Britons are betrayed by Political class over the EU referendum

Political class betrays Brits over EU

Thu, 13 Mar 2014 18:58:30 GMT

In a speech that changes the landscape of British politics, Ed Miliband [the head of Britain’s main opposition Labour party] finally makes it clear that he has no intention of calling a referendum on this country’s membership of the European Union.

Thus, the leader of the ‘people’s party’ shows his contempt for the people – who, in poll after poll, have demanded a say.

Leave aside that Mr Miliband tries to have it both ways, suggesting he would indeed call a referendum – but only in the ‘unlikely’ event of any attempt to transfer further powers from Britain to Brussels.

Clearly, this is just a feeble attempt to placate the eurosceptic wing of his own party – which, incidentally, includes many of his union paymasters.

No, what emerges from his speech, with utter transparency, is his devoted commitment to the EU and his unshakeable determination to deny the British people their long-promised vote.

Of course, the electorate is well used to being betrayed over Europe by members of our arrogant, out-of-touch, we-know-best, metropolitan political class.

Over the past decade, both Labour and the Tories [members of the ruling Conservative party] have broken apparently copper-bottomed pledges to give us our say on our relationship with Brussels.

Even the eurofanatic Nick Clegg [the head of the Liberal Democratic party], the Madame Fifi of politics, went into the last election on a manifesto promise that is worth quoting in full:

“The EU has evolved significantly since the last public vote on membership over 30 years ago. Liberal Democrats therefore remain committed to an in/out referendum the next time a British government signs up for fundamental change in the relationship between the UK and the EU.”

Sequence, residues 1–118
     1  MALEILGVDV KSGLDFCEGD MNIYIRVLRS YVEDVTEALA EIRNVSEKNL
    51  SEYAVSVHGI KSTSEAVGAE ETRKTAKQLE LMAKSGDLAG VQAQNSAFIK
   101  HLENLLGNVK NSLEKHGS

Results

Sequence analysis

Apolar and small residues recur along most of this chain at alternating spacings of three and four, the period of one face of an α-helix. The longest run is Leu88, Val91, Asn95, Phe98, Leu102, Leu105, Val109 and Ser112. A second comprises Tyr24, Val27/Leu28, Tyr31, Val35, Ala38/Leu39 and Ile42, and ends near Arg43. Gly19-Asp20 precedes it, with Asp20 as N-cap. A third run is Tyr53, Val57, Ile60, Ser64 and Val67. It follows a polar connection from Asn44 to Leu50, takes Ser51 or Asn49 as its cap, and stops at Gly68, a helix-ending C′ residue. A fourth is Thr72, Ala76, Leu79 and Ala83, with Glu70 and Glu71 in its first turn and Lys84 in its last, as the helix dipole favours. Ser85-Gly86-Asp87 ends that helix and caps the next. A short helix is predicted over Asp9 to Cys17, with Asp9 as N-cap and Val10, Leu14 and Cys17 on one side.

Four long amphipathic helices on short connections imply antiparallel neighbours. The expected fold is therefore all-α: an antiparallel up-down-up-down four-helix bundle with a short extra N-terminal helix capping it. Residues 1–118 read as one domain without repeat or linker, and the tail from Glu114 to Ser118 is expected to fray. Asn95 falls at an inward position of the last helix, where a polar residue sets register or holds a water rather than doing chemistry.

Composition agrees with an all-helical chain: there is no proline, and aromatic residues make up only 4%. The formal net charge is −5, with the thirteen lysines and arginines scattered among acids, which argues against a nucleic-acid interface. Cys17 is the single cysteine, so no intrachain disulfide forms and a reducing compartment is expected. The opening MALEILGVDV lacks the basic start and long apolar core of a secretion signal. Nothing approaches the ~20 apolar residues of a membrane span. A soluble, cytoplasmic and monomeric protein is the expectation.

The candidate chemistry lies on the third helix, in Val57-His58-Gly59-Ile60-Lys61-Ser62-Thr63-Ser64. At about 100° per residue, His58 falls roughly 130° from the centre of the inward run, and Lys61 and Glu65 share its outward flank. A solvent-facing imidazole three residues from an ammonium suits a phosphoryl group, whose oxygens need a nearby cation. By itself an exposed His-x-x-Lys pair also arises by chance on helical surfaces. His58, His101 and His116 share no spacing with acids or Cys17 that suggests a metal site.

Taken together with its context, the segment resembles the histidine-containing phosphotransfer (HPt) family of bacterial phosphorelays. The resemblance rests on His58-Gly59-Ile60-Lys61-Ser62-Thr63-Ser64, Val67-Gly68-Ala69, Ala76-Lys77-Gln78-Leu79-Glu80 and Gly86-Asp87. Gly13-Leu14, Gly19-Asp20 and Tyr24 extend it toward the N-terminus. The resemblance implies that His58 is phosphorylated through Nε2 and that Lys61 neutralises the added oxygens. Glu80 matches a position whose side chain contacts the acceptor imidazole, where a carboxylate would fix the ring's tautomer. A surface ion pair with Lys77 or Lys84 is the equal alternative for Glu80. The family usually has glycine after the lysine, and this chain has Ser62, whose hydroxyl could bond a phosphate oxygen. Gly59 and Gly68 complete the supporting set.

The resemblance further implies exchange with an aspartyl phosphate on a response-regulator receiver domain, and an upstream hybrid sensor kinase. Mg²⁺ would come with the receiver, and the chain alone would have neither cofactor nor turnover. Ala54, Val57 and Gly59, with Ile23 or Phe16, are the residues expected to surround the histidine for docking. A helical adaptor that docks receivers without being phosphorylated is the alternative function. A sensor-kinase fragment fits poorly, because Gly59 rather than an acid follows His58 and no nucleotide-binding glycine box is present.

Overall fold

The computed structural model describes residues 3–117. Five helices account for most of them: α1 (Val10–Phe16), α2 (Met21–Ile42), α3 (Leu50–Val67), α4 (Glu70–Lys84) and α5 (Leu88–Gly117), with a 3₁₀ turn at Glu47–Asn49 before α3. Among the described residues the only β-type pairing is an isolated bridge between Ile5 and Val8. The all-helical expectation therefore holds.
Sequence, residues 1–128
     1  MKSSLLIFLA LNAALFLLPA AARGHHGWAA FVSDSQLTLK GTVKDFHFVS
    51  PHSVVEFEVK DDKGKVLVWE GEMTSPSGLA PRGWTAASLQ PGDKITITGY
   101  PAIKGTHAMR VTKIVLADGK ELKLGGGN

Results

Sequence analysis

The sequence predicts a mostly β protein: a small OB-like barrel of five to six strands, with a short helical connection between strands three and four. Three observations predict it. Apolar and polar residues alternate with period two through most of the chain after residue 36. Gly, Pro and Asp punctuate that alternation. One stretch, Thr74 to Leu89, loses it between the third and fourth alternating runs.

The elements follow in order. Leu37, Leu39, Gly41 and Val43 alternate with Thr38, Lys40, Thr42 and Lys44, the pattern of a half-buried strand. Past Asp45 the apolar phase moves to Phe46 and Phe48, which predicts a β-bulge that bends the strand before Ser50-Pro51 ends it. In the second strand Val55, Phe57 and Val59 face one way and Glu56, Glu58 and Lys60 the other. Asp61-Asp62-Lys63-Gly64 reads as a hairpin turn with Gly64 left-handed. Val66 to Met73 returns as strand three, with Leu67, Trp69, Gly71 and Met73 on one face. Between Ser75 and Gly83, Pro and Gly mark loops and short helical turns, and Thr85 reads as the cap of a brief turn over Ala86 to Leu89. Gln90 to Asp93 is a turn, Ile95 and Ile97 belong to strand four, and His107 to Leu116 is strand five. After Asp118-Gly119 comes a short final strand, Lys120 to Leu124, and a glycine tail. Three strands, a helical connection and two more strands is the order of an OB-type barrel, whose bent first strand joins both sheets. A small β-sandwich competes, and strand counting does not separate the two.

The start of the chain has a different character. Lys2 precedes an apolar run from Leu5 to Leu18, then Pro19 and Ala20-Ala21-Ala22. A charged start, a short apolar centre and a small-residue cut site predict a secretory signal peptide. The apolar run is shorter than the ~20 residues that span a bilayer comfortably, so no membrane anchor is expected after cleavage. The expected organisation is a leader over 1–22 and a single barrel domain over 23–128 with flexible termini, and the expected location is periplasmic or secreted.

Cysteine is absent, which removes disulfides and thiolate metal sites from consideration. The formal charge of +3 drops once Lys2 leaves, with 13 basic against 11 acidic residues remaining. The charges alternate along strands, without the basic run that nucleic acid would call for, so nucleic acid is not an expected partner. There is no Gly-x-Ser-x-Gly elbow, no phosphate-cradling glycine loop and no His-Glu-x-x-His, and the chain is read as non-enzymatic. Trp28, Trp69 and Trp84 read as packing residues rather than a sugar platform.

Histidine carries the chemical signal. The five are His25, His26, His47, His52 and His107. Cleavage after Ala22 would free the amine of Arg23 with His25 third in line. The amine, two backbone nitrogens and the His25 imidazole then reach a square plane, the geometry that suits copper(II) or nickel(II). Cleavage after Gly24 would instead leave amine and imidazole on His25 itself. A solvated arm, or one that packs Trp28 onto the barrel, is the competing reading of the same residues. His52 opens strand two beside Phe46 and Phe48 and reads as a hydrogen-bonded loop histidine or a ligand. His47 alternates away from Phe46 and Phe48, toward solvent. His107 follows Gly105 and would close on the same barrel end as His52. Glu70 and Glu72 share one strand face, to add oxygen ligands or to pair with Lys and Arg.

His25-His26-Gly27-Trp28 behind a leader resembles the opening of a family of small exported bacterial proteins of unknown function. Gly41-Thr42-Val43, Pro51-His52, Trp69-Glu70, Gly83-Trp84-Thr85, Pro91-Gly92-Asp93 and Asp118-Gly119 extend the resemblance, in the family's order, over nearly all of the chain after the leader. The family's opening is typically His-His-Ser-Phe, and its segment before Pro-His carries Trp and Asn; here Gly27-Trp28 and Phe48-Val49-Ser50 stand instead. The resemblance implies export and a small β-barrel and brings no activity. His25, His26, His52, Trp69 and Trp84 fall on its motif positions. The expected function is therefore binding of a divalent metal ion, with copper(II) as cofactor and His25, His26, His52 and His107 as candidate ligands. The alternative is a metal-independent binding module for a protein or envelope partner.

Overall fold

Yet this treacherous epitome of the political class has spent the past four years fiercely resisting every Tory proposal to give voters their say.

Indeed, could it be part of Mr Miliband’s cynical calculation that his own opposition to a referendum will make him the Lib Dems’ first choice for a coalition partner next time?

Either way, what makes his stance so significant is that it opens up clear blue water between the parties on this matter of profound constitutional importance.

For today, the Conservatives are alone among the three traditional parties in offering an unequivocal pledge to call an in-out referendum before the end of 2017.

And this time, David Cameron has left himself no wriggle-room to escape from his promise, without destroying his own and his party’s credibility for ever.
This leaves Ukip [UK Independence Party] supporters in an agonising dilemma. For the paradox is that, by threatening to split the Tory vote and allow Labour in, they now represent the greatest obstacle to the referendum that offers them their best chance of achieving their dearest wish.

If Mr Cameron [Prime Minister David Cameron] is as adroit as the Mail believes, he will exploit this opportunity to his full advantage.

As for Nigel Farage’s [the head of UKIP] supporters, isn’t the clear message that if they really want that referendum, they should use their votes tactically to keep Labour out?

A political Prince
It is not often that the Mail supports the Guardian. But the chattering classes’ favourite paper has it right when it goes to court claiming the public should be allowed to see letters written by the Heir to the Throne to government ministers.

Prince Charles surely cannot demand immunity from freedom of information laws, on the grounds that he must preserve his political neutrality, while at the same time interfering in politics.

After his defeat in the Court of Appeal, Attorney General Dominic Grieve should stop wasting taxpayers’ money on fighting transparency.

As for the Prince, whom we admire, may we respectfully suggest that if he wishes to keep his views private, he should stop writing to ministers?

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